I am using the StepGen component of the Hal. I am using a type = 2 which produces a quadrature signal. One phase of this is fed to pin 1 on the parallel port which connects to pin 11 on the machine. This component is tied, in the Hal to the spindle control, the same as it was with the pwm signal that was giving me so much trouble.

Now I can finally change the spindle speed with M3 commands and get a variable square wave out of the parallel port pin. The spindle works much better with this type of signal and I am now able to control the speed.

I had a few problems trying to set this up and could not have done it at all without the help of Jepler on IRC freenode #EMC.  Thanks so much to him for his help and pointing me in the right direction.

First I had to learn something more about the Hal file and how Hal actually works. Up till this point I had been using the Wizard StepConf to configure EMC. There is only so far the Wizards can take you and this maneuver crossed the boundary.

Also, I migrated to a different machine, and installed Hardy, the newest LTS Ubuntu at the same time I was mucking around in my Hal file. I ended up with lots of screwy errors, never change everything all at once, its a bad idea.

Turns out I had commented something out in the Hal file that I shouldn’t have, days ago, and it was screwing everything else up after the computer migration. Once I braced up, went back to the original config and basically started over, I realized what was going wrong.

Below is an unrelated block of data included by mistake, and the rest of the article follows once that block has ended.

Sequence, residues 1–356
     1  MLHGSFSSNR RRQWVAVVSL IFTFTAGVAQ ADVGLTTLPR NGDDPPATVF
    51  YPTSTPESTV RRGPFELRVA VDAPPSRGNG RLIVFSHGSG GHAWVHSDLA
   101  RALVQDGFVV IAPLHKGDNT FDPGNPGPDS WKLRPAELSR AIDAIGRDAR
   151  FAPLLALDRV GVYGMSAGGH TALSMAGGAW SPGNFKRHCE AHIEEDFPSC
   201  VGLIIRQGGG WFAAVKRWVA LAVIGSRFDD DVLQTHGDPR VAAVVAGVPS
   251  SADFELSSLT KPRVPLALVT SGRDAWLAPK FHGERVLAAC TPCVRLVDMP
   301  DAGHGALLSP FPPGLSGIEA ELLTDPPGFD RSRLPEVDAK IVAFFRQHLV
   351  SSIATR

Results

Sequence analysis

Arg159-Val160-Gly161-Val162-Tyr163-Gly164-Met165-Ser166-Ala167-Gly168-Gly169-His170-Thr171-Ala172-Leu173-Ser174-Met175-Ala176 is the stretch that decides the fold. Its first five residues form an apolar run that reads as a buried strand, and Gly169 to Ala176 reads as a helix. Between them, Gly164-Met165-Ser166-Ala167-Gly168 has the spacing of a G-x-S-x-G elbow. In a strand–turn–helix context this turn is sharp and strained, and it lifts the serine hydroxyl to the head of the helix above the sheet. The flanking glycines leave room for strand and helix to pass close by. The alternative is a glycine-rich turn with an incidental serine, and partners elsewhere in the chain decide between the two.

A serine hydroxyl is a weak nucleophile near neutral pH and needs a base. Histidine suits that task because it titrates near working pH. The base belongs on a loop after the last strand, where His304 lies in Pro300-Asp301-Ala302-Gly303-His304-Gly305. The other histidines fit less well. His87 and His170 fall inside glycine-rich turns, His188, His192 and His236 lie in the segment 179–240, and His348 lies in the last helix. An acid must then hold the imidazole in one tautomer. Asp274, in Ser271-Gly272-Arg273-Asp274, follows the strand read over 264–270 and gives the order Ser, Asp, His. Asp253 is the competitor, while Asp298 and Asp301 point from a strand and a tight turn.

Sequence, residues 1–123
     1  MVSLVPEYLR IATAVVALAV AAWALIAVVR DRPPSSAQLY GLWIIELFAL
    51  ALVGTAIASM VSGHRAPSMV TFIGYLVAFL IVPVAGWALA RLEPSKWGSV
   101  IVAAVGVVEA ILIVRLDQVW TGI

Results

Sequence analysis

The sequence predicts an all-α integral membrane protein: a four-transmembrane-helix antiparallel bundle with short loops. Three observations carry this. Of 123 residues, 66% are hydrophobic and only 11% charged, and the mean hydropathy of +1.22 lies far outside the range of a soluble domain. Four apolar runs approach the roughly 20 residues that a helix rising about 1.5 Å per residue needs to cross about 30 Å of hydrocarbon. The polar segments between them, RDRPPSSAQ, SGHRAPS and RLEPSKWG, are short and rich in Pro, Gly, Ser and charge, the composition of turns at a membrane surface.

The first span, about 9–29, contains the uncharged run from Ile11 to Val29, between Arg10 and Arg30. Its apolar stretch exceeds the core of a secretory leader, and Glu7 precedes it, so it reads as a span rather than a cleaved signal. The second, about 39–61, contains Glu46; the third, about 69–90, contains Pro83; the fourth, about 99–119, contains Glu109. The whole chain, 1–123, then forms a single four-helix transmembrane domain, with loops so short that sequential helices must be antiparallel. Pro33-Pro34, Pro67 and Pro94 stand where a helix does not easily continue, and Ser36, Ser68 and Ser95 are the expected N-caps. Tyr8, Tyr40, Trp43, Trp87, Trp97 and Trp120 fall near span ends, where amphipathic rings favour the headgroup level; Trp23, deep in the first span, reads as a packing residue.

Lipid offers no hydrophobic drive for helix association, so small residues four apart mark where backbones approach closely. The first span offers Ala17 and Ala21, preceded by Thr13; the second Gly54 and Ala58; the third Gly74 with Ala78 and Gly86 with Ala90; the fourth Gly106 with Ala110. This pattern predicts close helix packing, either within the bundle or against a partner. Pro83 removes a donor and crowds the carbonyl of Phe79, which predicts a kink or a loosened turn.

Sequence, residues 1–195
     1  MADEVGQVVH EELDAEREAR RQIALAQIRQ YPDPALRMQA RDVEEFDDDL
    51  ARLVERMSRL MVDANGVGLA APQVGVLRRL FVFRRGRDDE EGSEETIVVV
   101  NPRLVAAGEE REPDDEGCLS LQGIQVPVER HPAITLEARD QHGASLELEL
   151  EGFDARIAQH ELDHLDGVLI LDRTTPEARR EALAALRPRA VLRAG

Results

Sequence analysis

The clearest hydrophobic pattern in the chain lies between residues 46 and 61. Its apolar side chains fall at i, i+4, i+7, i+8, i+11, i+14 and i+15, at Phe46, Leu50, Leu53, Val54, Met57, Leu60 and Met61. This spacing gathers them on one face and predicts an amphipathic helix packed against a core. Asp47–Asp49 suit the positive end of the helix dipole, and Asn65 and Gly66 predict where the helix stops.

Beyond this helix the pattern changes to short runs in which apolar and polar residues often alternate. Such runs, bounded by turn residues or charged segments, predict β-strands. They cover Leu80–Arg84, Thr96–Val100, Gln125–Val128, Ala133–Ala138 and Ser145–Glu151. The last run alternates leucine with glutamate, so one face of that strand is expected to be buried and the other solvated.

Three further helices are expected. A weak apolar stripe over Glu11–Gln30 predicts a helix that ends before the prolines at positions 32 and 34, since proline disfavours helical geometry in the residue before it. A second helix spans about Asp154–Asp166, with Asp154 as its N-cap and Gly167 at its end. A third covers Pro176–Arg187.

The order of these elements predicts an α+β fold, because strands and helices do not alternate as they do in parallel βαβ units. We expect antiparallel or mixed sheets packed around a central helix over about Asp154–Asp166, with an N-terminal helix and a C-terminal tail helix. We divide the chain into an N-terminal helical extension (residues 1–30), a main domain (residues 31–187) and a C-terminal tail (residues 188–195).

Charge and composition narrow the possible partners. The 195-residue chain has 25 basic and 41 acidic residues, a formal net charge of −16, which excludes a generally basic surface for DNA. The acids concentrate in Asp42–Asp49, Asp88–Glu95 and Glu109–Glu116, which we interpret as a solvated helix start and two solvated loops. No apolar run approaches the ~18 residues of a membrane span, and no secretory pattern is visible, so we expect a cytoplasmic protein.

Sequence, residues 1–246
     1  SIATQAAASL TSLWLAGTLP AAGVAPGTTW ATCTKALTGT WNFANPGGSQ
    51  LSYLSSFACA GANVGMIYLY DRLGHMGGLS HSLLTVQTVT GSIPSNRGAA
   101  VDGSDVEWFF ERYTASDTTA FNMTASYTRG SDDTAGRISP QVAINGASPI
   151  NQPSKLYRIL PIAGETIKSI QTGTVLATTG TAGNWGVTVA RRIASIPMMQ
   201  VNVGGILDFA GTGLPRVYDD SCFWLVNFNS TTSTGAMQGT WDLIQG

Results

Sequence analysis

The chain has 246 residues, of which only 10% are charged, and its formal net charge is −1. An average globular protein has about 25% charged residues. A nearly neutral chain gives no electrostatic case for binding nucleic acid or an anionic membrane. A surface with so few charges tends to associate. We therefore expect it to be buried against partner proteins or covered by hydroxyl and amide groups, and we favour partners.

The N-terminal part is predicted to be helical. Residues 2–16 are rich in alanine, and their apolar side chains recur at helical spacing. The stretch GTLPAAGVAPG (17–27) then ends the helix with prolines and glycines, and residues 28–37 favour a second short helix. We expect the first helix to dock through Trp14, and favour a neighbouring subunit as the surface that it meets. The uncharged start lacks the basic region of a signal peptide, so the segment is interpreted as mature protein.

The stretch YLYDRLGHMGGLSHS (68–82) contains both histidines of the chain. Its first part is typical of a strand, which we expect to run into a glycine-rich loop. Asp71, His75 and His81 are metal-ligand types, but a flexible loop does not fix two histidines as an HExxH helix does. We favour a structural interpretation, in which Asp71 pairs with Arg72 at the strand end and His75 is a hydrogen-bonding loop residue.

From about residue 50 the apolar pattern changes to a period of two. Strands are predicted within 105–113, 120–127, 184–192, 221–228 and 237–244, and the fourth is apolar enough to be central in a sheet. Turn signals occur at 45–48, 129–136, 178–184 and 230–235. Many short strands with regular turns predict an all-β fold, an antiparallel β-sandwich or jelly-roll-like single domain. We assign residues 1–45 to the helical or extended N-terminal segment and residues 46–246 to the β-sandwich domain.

Trying to use the distro images I downloaded from the EMC web site did not work out well for me either, I tried a few times to install, with lots of disk errors after the restart and general flakiness. Finally, I downloaded an official Alternate CD from Ubuntu and installed that, breeze, then installed EMC, now everything seems to be working pretty well again. I did try two separate downloads and burns of the EMC image with no luck, it installed fine, just wouldn’t run afterwards worth a flip.

After I managed to get controllable square waves coming out of the proper pin I gathered some data on the speed of the spindle.  Hooking a scope to pin 15 on the  Spindle Motor Control Board I found that if you turn the spindle by hand you get two high outputs per revolution.  There is feedback from the spindle that comes to this pin (S1 & S2).  So, by sending the machine different M3 speed commands I was able to keep adjusting the Position-Scale variable in the Hal file until the speed commands almost matched the actual speed of the spindle.

Here is what I ended up with that worked out to be the best:

Position-Scale = .045

Set Speed Measured Speed
1000 2400
5000 6000
10000 11190
20000 21600
30000 27900
35000 28800

Helpful Documents for figuring this out:

StepGen overview that explains various step types.

Wiki page that covers types in some more detail.

Notes from jepler that I got on IRC (Thanks again!)